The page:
My Ireland Trip: May 7 at sunrise

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When I woke to the sun coming through my gorgeous B&B, I couldn’t stay in bed any longer. I dressed quickly, donned a Gibson Girl hairstyle for the occasion, and stepped into the morning sun. The dew still danced on the grass and the sunrise was golden over the silver water.

Crossing the small road, I walked onto a tall bridge that overlooked the water and there stood Queen Victoria, built by the same company that built the Lusitania, bathed in the light.

Since I was about thirteen years old, I have commemorated both the sinking of the Titanic and the sinking of the Lusitania. My mother even let me stay home from school once or twice on May 7, and it has always been my special day of writing. I spend time thinking about the passengers of the liner and what they may have experienced, writing about the sinking, studying about it, and every now and then, feeling it so deeply my heart shook. I never imagined that I would be in Ireland in 2015. I dreamed of it, sure, but the realist in me didn’t want the romantic in me to raise my hopes too much.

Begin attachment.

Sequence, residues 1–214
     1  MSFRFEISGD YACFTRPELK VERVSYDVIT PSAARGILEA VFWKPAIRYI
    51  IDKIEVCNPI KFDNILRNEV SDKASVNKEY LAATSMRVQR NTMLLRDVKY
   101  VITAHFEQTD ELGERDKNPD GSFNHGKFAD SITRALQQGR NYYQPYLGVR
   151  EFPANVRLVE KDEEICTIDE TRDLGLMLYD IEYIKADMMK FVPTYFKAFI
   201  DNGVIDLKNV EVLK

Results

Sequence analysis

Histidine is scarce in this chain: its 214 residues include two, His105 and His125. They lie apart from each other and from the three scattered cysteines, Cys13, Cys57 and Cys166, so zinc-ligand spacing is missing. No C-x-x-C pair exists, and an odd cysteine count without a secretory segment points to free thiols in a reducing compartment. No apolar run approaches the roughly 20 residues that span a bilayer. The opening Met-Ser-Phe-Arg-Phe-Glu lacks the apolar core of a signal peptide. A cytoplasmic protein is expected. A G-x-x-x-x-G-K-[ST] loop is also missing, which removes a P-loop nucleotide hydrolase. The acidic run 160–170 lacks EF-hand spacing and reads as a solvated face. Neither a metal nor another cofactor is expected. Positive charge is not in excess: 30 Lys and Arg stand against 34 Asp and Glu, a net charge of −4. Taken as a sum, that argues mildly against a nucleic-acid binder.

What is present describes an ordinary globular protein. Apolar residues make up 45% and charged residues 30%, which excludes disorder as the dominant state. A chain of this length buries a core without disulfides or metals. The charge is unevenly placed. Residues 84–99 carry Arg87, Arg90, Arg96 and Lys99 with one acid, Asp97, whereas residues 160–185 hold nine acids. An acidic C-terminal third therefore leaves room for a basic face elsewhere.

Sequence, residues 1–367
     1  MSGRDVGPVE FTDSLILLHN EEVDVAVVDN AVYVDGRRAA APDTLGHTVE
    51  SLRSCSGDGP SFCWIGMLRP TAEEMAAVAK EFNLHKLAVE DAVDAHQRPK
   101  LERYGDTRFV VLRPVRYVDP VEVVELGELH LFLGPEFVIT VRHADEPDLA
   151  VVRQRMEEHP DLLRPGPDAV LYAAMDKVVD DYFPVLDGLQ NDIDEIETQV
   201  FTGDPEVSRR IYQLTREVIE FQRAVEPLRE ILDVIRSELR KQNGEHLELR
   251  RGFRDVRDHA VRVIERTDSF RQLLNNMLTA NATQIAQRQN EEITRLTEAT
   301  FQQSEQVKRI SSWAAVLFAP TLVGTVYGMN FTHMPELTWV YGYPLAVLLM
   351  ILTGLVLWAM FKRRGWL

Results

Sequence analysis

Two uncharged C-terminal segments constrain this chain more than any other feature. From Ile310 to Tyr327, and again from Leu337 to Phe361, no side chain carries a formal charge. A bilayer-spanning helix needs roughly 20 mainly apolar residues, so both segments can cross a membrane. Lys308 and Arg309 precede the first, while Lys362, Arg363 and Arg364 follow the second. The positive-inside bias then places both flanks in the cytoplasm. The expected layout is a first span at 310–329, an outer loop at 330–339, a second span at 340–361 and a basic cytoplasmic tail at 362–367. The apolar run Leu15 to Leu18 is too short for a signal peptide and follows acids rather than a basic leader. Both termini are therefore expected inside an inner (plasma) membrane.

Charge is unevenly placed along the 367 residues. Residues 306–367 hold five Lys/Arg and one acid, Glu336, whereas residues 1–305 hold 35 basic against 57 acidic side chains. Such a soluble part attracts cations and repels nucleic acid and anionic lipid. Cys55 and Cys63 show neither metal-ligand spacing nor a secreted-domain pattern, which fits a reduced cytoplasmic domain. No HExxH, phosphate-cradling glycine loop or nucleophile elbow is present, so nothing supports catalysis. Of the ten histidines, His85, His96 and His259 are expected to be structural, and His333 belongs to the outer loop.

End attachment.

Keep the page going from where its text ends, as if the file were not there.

But there I was. Overlooking the same land where the survivors of the disaster touched solid ground again and where a few of the victims were buried in it. I listened to my Lusitania soundtrack–the same soundtrack I’ve listened to for thirteen years and sat on a bench, smelling the salty air and noticing the clear sky–the only clear sky of my nine days in Ireland. Through all my study and all my imagining, the disaster never seemed quite as tangible as it did then. Suddenly the characters in my stories, the real people, became real to me. I felt like Brock Lovett,  when he said, “I never got it. I never let it in.”

That morning, I let it in, and to this day I feel changed. Changed because the disaster has so much to offer, so much to teach, so much for us to remember. Twelve hundred people died; 761 survived and were never the same again. All because of a war. And while who is at fault is not exactly clear–except for the man who shot the torpedo–what is clear is the painful damage that war brings. What good has ever come out of a war? The Lusitania disaster was one of the first modern examples of innocent civilians being murdered for the profit of war. Pearl Harbor was next, then Hiroshima, then Nagasaki, countless others.

Sitting on the shore 100 years later, I was overwhelmed by the tragedy of human nature, and the knowledge that even through all that, human kind continues to trudge forward. And I prayed that one day we could learn from our mistakes.

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